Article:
On February 5-7, more than 300 workforce advocates from 34 states traveled to Washington DC to take their voices to Capitol Hill as part of NSC’s annual 2017 Skills Summit. Workforce advocates, educators, public sector partners, community-based organizations, and labor leaders shared the priorities of our coalition with 200 members of the 115th Congress, reaching both majority and minority leadership, and meeting with members of all key committees.
NSC often draws on the expertise and advocacy of our deep, broad network of workforce advocates to push a skills agenda on the state and federal level. This year, NSC welcomed nearly 70 first-time attendees to the Summit, and added five new states to the delegation roster – growing our network to record levels.
Advocacy focused and Hill ready
The purpose of the Skills Summit is to prepare our nation’s workforce leaders as advocates so that they have the tools to shape and drive key federal policies. The first two days of the Summit included an overview on the national political climate as well as deep dives on the federal policies that impact their work back home.
Policymakers and Congressional staff joined us at the Summit for dynamic conversations about welfare reform, the Higher Education Act, apprenticeship, the Perkins Act, infrastructure and upskilling the workforce. During breakout sessions, participants drilled down on specific policy asks and strategized on how to best use their time on the final day’s meetings with Senators and Representatives.
Kim Ford from the Office of Career, Technical and Adult Education (OCTE) and Gerri Fiala from the Department of Labor shared their perspectives about the impact of the presidential transition on federal agencies, and Representative Brett Guthrie (R-KY02) shared how his support for upskilling comes from his background as a business owner. Congressman Mark Takano (D-CA41) spoke with attendees during the evening reception on Monday night and described his commitment to fighting for job training, career and technical programs, and partnerships between community colleges and businesses.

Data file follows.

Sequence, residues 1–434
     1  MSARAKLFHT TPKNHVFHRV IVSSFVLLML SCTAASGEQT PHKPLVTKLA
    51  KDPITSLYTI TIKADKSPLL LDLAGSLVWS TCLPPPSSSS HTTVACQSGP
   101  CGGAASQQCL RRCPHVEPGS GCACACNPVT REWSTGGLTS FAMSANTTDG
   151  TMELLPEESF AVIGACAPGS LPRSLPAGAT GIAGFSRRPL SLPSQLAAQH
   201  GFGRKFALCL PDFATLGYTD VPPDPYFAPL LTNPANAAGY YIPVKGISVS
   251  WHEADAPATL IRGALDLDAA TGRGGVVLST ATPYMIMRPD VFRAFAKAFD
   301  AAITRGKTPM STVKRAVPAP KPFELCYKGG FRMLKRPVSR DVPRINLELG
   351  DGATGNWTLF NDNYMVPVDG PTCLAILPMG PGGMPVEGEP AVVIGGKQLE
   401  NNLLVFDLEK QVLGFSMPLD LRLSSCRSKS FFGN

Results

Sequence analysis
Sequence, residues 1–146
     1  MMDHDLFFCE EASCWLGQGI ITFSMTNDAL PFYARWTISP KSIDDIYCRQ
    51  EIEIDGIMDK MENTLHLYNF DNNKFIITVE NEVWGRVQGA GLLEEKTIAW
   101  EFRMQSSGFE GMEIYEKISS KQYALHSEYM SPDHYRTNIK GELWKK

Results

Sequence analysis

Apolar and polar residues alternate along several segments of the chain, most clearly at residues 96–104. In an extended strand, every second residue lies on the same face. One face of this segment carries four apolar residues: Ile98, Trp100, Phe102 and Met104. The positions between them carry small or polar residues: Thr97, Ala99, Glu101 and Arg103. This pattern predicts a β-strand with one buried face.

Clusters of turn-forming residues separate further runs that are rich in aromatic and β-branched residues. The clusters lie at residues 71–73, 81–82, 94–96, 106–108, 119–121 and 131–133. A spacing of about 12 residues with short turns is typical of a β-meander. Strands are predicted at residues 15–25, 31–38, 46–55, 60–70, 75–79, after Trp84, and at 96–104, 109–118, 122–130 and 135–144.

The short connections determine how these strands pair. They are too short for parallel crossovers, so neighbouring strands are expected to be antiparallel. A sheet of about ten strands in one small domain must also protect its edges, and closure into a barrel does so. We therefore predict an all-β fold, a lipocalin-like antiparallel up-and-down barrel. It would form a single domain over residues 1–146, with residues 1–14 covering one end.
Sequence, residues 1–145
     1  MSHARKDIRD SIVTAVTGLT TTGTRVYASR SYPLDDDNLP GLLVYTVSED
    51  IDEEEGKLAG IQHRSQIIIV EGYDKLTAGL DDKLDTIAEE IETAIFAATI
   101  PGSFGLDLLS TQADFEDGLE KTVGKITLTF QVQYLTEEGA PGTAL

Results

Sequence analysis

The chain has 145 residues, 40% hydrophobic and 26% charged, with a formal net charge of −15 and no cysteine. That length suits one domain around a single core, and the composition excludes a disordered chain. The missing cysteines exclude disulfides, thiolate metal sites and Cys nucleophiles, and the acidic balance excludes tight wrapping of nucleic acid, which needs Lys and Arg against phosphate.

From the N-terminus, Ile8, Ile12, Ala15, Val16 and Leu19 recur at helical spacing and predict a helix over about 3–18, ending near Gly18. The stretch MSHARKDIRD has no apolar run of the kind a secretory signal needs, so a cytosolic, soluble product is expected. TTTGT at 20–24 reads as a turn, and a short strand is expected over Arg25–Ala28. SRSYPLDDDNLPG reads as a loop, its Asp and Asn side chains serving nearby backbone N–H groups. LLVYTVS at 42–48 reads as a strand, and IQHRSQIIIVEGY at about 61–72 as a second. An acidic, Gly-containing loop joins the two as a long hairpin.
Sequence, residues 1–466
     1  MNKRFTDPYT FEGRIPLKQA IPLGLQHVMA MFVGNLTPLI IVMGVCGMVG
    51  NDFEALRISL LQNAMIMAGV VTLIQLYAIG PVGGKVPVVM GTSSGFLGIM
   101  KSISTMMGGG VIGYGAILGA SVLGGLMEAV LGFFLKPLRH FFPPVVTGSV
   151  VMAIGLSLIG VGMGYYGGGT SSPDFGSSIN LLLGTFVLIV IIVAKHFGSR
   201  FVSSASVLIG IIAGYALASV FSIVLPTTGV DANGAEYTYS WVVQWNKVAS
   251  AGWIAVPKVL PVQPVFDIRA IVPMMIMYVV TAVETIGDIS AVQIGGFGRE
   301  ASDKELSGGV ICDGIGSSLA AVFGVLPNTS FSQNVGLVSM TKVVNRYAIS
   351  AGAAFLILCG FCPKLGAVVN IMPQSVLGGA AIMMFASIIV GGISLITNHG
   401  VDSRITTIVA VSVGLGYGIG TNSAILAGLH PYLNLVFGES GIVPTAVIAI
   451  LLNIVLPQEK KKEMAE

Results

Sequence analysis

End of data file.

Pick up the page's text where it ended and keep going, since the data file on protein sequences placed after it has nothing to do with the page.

On the final day of the Summit, attendees met with Senators and Representatives in more than 179 meetings on Capitol Hill, discussing the workforce issues that matter most to their communities. They advocated for a range of issues including urging Congressional support for sector partnerships and job-driven financial aid to promoting apprenticeship, upskilling, and adult education.
Recognizing our network leaders
Each year, NSC recognizes members of our network who invest their time and talent to support our coalition’s shared policy initiatives. The 2017 Skills Champion Award was awarded to Carrie Thomas, the Executive Director of the Chicago Jobs Council, in recognition of her 15 years of strategic and effective advocacy with NSC. Carrie participated on our Leadership Council and currently serves on our Work-Based Learning National Advisory Panel (NAP).
Board Member Brenda Dann-Messier was honored with the Power NAP-per Award for her extraordinary contribution to our (NAPs). NSC also recognized Young Invincibles with the Partners in Crime Award for mobilizing their network in partnership with NSC to advance improved federal skills policy. Steve Long of the St. Louis Community College Workforce Solutions Group was honored with the Taking Care of Business Award for his outstanding effort to mobilize business partners and advocate for improved federal skills policy.
NSC is grateful to JPMorgan Chase & Co., Siemens Foundation, Walmart, and USA Funds whose generous support made the 2017 Skills Summit (and makes NSC’s ongoing work) possible.